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Four months after the city's gang task force was disbanded, its former coordinator, Boyd Patterson, is still going to gang conferences and seeking to help fight gangs.
"You can't spend five minutes with some of these kids and not see how needy they are," said Patterson. "So we have a responsibility to do our best to address that."
Patterson, 44, is now an assistant district attorney for Hamilton County. He spoke while attending the 2013 Tennessee Gang Investigators Association Conference in Memphis.
Patterson is also in the running to become a judge in the Tennessee Court of Criminal Appeals, Eastern Division. Patterson was among only three candidates who met with Gov. Bill Haslam this month. Patterson said he could receive a call at any time notifying him of Haslam's decision.
In his role as assistant district attorney, Patterson said he's looking at involving curfew laws to assist youths who may be at risk for violence and crime.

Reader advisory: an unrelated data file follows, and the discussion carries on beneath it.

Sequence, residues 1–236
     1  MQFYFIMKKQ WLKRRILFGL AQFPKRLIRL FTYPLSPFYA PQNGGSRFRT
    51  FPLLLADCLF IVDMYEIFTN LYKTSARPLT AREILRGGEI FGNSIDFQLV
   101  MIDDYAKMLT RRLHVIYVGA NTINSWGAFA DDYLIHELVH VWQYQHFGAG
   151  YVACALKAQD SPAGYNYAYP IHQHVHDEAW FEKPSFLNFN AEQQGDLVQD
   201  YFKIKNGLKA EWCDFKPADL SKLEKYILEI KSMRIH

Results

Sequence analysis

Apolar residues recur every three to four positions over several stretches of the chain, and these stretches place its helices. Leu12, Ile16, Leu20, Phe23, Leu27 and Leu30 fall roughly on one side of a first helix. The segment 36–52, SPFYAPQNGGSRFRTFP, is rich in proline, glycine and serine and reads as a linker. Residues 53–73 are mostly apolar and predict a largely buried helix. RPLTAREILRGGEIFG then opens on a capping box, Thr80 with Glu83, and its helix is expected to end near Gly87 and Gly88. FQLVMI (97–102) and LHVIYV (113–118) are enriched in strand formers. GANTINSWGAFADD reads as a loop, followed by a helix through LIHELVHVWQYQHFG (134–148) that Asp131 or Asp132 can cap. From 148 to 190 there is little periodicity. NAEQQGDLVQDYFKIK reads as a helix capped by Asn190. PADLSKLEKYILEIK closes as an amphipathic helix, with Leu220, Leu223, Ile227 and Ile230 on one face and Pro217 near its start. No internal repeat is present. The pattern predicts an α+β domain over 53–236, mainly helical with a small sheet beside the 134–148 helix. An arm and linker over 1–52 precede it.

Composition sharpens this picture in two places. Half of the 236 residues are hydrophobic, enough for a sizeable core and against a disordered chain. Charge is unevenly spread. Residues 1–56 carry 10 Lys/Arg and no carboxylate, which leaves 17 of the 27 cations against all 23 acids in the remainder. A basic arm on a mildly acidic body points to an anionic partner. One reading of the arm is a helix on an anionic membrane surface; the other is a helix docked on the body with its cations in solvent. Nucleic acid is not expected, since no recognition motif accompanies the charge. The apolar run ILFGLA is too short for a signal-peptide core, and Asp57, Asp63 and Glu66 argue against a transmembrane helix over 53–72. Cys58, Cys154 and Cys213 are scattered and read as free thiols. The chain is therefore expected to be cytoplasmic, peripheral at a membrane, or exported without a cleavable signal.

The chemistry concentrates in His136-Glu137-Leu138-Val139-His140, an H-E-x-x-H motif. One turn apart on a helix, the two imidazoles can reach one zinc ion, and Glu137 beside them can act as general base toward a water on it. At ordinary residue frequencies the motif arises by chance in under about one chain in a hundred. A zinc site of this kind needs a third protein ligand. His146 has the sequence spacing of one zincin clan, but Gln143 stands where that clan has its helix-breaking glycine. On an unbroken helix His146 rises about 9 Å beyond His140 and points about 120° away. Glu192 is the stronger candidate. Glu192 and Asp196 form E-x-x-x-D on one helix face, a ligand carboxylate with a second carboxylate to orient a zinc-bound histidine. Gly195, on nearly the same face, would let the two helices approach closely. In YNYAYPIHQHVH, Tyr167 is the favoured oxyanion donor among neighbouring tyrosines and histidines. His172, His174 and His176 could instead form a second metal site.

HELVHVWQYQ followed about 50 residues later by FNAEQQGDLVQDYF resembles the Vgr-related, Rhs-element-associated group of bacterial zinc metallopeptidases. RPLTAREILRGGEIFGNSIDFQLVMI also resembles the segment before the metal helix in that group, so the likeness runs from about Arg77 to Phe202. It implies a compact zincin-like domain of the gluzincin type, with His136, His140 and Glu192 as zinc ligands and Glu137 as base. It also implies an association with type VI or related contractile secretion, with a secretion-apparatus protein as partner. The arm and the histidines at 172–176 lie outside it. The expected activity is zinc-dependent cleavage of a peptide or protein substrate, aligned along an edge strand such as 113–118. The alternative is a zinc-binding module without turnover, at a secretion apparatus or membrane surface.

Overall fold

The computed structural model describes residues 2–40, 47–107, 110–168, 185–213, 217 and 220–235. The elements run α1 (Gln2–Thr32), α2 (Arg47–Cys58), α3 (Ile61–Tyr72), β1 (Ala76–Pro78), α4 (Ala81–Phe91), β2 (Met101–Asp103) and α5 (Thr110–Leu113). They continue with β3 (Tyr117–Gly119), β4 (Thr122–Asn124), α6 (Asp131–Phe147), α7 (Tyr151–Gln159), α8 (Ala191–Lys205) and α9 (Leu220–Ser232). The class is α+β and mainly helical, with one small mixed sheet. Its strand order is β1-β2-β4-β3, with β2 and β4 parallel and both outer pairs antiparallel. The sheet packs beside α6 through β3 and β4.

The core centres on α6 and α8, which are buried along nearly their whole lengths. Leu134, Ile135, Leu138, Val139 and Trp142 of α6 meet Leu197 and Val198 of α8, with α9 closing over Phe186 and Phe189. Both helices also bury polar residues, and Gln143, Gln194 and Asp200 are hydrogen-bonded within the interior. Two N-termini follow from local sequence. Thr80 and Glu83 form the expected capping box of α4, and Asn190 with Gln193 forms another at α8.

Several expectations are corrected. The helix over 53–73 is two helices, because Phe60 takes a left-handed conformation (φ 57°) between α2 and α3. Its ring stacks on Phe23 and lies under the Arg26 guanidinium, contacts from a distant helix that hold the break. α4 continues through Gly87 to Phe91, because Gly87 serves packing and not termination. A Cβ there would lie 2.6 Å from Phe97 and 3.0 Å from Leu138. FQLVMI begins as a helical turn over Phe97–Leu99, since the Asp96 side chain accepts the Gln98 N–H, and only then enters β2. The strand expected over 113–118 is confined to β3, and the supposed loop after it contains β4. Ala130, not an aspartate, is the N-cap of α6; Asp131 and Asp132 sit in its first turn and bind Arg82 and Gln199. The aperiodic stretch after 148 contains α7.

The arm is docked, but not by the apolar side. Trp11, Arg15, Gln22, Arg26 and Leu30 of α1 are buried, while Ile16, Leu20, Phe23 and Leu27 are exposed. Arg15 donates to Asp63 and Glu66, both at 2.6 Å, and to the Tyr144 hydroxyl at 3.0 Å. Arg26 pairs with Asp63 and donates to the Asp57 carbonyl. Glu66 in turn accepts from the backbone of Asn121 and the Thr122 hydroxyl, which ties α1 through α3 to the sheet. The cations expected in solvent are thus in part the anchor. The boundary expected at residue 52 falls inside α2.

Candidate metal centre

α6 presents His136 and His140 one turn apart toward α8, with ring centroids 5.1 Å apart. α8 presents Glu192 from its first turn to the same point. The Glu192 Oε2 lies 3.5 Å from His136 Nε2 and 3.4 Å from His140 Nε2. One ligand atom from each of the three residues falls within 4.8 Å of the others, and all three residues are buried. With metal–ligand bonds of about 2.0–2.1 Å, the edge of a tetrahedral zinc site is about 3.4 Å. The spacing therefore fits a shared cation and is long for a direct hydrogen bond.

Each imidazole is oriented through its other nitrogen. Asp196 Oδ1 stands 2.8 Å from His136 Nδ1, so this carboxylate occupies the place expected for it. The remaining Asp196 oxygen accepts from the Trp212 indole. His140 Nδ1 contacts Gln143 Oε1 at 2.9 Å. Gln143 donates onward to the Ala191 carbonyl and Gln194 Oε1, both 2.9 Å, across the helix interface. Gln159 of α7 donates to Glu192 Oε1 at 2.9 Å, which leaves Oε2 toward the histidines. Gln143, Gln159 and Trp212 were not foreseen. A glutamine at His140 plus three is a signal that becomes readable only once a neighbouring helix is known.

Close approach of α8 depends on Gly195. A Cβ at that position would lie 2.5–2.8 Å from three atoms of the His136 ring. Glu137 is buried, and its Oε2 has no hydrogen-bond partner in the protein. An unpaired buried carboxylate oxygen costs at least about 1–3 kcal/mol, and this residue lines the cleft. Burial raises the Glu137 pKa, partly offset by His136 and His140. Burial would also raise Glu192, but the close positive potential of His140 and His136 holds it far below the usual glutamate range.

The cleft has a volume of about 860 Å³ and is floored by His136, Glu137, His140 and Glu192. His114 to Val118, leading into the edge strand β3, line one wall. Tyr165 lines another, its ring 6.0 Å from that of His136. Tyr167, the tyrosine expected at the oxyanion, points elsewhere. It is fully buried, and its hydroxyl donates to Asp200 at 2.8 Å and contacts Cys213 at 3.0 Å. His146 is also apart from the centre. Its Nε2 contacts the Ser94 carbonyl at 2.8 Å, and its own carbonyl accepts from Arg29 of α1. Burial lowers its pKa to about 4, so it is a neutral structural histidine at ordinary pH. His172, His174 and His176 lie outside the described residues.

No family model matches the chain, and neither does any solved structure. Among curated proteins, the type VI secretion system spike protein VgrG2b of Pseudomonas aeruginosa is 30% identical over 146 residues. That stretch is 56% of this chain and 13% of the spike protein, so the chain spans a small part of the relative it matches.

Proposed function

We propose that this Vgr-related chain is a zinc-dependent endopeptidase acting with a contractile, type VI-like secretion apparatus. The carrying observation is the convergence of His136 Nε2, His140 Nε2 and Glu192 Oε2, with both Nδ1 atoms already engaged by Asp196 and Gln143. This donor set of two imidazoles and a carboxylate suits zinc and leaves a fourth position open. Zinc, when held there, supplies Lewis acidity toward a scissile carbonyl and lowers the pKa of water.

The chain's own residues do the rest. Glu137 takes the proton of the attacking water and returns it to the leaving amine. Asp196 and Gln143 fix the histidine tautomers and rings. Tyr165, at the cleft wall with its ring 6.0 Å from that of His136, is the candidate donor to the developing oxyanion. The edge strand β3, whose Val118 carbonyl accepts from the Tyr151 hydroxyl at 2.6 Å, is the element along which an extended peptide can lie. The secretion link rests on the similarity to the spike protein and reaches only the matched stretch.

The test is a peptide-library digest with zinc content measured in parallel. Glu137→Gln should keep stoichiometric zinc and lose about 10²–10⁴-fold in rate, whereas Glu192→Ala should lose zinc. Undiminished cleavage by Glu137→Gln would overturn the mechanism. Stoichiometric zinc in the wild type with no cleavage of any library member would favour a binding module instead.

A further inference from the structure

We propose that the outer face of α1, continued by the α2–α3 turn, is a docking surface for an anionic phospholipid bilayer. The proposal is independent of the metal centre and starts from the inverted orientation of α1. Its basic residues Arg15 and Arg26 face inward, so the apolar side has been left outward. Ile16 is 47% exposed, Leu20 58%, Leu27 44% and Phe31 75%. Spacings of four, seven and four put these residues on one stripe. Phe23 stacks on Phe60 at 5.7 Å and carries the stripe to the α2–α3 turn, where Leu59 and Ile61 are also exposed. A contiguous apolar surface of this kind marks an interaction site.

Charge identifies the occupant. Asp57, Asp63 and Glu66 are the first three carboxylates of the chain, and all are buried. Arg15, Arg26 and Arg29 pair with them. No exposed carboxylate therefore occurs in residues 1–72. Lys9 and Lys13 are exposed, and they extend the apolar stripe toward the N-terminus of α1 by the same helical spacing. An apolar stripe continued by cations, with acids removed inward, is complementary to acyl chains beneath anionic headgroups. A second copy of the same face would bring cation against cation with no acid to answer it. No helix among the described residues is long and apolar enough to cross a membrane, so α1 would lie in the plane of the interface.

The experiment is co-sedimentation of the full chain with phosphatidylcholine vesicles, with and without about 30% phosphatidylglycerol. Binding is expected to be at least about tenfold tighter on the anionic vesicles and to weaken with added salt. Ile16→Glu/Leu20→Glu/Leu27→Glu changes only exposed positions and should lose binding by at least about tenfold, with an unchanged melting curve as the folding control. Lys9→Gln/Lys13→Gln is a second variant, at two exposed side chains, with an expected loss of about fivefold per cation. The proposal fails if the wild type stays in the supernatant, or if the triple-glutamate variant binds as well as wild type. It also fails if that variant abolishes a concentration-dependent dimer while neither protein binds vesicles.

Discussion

"You have to get the kids early," he said.
If a child is 16 or 17 and out past midnight, that's an indication that he needs some structure, Patterson said. And enforcing a curfew law or a truancy law on a child may be a way for the court to intervene on the child's behalf before he commits a serious crime.
Since the gang task force folded, Patterson has designed a Web page for the Children's Advocacy Center of Hamilton County. The site, www.5000angels.com, offers a way for people to write encouraging messages to children who have been victims of physical or sexual abuse.
Patterson's book, "Trial Guide: 404(b) Evidence by Topic," went into its third printing this year, and an app that he wrote for the iPad in 2011 has been nominated for the second time for the National Law Journal's Best Trial Preparation App.
This update was written by staff writer Yolanda Putman. Contact her at firstname.lastname@example.org or 423-757-6431.